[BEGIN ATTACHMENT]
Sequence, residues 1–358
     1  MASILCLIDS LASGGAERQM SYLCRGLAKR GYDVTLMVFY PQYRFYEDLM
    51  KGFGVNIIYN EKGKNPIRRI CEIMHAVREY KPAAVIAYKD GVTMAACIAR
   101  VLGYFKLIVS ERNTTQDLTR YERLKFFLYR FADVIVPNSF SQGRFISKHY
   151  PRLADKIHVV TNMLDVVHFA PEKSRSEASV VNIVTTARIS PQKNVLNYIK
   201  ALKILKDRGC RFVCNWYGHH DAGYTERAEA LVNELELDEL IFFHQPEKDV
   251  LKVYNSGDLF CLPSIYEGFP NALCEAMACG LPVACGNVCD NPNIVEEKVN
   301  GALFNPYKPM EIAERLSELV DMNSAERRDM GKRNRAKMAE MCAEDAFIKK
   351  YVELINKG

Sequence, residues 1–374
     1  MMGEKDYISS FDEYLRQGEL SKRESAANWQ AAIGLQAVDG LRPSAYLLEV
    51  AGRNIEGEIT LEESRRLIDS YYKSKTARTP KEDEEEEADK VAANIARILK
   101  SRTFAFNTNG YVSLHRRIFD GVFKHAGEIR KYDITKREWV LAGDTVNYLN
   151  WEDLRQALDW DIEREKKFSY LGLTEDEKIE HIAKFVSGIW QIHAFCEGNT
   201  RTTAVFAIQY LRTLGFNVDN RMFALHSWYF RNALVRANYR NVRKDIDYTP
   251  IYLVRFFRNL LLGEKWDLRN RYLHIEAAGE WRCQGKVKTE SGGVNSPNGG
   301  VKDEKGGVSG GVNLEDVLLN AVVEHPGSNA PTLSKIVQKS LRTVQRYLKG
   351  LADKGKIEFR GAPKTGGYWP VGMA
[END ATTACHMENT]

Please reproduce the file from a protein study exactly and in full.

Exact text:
Sequence, residues 1–358
     1  MASILCLIDS LASGGAERQM SYLCRGLAKR GYDVTLMVFY PQYRFYEDLM
    51  KGFGVNIIYN EKGKNPIRRI CEIMHAVREY KPAAVIAYKD GVTMAACIAR
   101  VLGYFKLIVS ERNTTQDLTR YERLKFFLYR FADVIVPNSF SQGRFISKHY
   151  PRLADKIHVV TNMLDVVHFA PEKSRSEASV VNIVTTARIS PQKNVLNYIK
   201  ALKILKDRGC RFVCNWYGHH DAGYTERAEA LVNELELDEL IFFHQPEKDV
   251  LKVYNSGDLF CLPSIYEGFP NALCEAMACG LPVACGNVCD NPNIVEEKVN
   301  GALFNPYKPM EIAERLSELV DMNSAERRDM GKRNRAKMAE MCAEDAFIKK
   351  YVELINKG

Sequence, residues 1–374
     1  MMGEKDYISS FDEYLRQGEL SKRESAANWQ AAIGLQAVDG LRPSAYLLEV
    51  AGRNIEGEIT LEESRRLIDS YYKSKTARTP KEDEEEEADK VAANIARILK
   101  SRTFAFNTNG YVSLHRRIFD GVFKHAGEIR KYDITKREWV LAGDTVNYLN
   151  WEDLRQALDW DIEREKKFSY LGLTEDEKIE HIAKFVSGIW QIHAFCEGNT
   201  RTTAVFAIQY LRTLGFNVDN RMFALHSWYF RNALVRANYR NVRKDIDYTP
   251  IYLVRFFRNL LLGEKWDLRN RYLHIEAAGE WRCQGKVKTE SGGVNSPNGG
   301  VKDEKGGVSG GVNLEDVLLN AVVEHPGSNA PTLSKIVQKS LRTVQRYLKG
   351  LADKGKIEFR GAPKTGGYWP VGMA